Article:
21 April 2023: A new edge to the fight against tuberculosis


Prime Minister Narendra Modi put new vigour into the global tuberculosis (TB) eradication response at the One World TB Summit in Varanasi, Uttar Pradesh on March 24, 2023, and underlined India’s resolve to spearhead this endeavour.


  • Mycobacterium tuberculosis is the bacteria that cause tuberculosis (TB). TB germs often attack the lungs, but they can affect any region of the body, including the kidney, spine, and brain.
  • Transmission:
    • Tuberculosis spreads through the air from person to person. When persons with lung tuberculosis cough, sneeze, or spit, the TB germs are released into the air. 
  • Every age group is at risk. More than 80% of illnesses and fatalities occur in low- and middle-income nations.
  • Symptoms:
    • Cough with mucus and blood at times, chest pains, weakness, weight loss, fever, and night sweats are all common signs of active lung TB.
  • Treatment:
    • Tuberculosis is a treatable and curable illness. Drug-susceptible tuberculosis is treated with a normal 4-month or 6-month course of four antimicrobial medicines, with patient assistance given by a health worker or certified treatment supporter.
    • Two most effective first-line drugs: isoniazid and rifampicin.
    • For drug-resistant tuberculosis (DR-TB): Bedaquiline

India’s initiatives to end TB:

  • India has made tremendous advancement in its attempts to eradicate tuberculosis in recent years. 
  • The National Tuberculosis Elimination Programme (NTEP) in India (formerly known as the Revised National Tuberculosis Control Programme, or RNTCP) has implemented many strategies to detect, notify, and treat TB infections, with case notifications increasing from 15.6 lakh in 2014 to over 24 lakh in 2022. This reflects the program’s broader reach and enhanced detection methods.
  • Furthermore, newer initiatives like as collaboration with the commercial sector, the establishment of social support provisions, and the development of diagnostic equipment and new treatment regimens have improved TB management.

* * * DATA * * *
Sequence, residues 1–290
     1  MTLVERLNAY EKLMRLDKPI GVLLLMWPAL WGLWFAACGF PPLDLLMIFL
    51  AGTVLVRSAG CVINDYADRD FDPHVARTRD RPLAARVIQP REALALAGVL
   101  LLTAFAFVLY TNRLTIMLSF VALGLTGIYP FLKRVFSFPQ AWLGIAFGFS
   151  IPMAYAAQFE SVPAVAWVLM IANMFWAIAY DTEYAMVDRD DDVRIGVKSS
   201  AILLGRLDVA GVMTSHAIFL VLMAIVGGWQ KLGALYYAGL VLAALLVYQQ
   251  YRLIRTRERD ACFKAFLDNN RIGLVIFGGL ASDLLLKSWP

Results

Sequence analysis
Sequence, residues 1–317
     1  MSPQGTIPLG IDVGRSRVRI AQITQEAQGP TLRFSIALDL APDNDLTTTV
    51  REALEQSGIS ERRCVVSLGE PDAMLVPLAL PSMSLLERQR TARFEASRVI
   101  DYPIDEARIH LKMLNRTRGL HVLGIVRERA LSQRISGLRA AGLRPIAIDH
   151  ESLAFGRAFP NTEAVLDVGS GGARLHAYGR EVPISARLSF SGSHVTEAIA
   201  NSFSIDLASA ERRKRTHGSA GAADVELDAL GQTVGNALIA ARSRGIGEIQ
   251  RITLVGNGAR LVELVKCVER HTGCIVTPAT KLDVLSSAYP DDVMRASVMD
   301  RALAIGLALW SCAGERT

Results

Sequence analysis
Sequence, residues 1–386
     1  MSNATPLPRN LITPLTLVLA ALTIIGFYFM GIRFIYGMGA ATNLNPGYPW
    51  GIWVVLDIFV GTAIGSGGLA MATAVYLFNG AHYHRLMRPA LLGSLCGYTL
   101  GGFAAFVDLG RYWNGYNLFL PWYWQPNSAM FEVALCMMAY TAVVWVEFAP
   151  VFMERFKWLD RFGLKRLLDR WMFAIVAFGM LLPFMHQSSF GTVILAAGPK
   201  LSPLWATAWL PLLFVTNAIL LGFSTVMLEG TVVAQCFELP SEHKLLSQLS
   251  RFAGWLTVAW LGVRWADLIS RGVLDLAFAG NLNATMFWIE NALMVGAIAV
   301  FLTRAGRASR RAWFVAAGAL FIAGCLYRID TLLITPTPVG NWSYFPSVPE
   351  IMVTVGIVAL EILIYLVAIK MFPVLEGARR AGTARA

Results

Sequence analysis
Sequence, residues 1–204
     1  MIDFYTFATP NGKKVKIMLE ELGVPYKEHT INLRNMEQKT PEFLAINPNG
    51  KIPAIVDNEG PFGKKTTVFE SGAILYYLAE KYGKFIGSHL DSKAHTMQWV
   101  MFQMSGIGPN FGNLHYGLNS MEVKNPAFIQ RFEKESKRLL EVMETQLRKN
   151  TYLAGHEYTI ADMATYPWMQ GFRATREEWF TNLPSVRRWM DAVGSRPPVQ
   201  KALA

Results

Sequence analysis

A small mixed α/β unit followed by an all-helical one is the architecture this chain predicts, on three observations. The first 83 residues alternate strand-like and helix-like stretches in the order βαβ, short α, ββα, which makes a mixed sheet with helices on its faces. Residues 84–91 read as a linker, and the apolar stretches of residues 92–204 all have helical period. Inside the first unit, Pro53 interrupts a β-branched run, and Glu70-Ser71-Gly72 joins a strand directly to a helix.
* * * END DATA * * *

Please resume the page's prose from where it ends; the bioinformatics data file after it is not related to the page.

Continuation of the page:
• To overcome this problem and effectively improve the TB response efforts, innovative techniques and new tools to be implemented to revolutionise the way of prevention, diagnosis and treatment of TB.
  • In recent years, India has understood the need of investing in health research and development. The Mission COVID Suraksha vaccine development initiative was an excellent example of a public-private cooperation with clear aims and achievements. The large number of diagnostic tests created and the variety of vaccination platforms demonstrate that our manufacturing industry is resilient and scalable.
  • It is also encouraging to see the formation of centres of excellence, which will promote collaboration between laboratories of the Indian Council of Medical Research and the private sector. 
  • It is therefore feasible to boost and extend TB research and development activities, as well as create new instruments that will assist India (and other developing nations) in meeting the End TB objectives.

Three key areas:

  • Vaccination:
    • To begin, a vaccination is what allows for the eradication of any infectious disease. Existing TB vaccine, the Bacille Calmette-Guérin (BCG), does not fully protect adolescents and adults, who are most at risk of getting and transmitting TB.
    • There are now over 15 TB vaccine candidates in the pipeline; it needs to be ensure that clinical trials to determine effectiveness in diverse community contexts and for different target groups are prioritised.
  • Testing and diagnosis:
    • Testing for and diagnosing tuberculosis must become more accessible and inexpensive, such that anybody with suggestive symptoms or a frontline worker may test and receive findings in minutes at a low cost. 
    • Point-of-Care Tests (POCTs), such as home-based COVID tests, enabled decentralised, quick, and low-cost diagnostics with findings in minutes. 
    • New developments, such as nasal and tongue swab-based testing for tuberculosis, have the potential to alter the game by minimising diagnostic delays.
  • Introduction of new therapeutic molecules:
    • Third, in the long run, the creation and launch of novel therapeutic substances can be critical. While continue to invest in drug research, newer and more effective regimens must be scaled up, as well as delve into the arsenal to repurpose current medications for tuberculosis.


  • While these efforts are admirable, a lack of general knowledge of the condition and access to adequate care remains an issue. 
  • According to the most recent National Tuberculosis Prevalence Survey (in India), 64% of patients with infectious tuberculosis did not seek treatment. As a result, national-level statistics indicate that for every individual diagnosed with tuberculosis, detection of almost two more cases is missed.

Way forward:

  • Creating legislative and policy frameworks that smooth the distribution of proven technologies to reach people with the least amount of delay is also part of the process of improving the innovation ecosystem. 
  • Greater collaboration is required, not just among politicians, scientists, product manufacturers, and clinical researchers within the country and even between regions, but also possibly across governments.
  • Harmonisation of standards and regulatory processes across nations can allow for mutual recognition of evidence-based norms and licences, as well as saving important time in the rollout process.

Source: The Hindu, WHO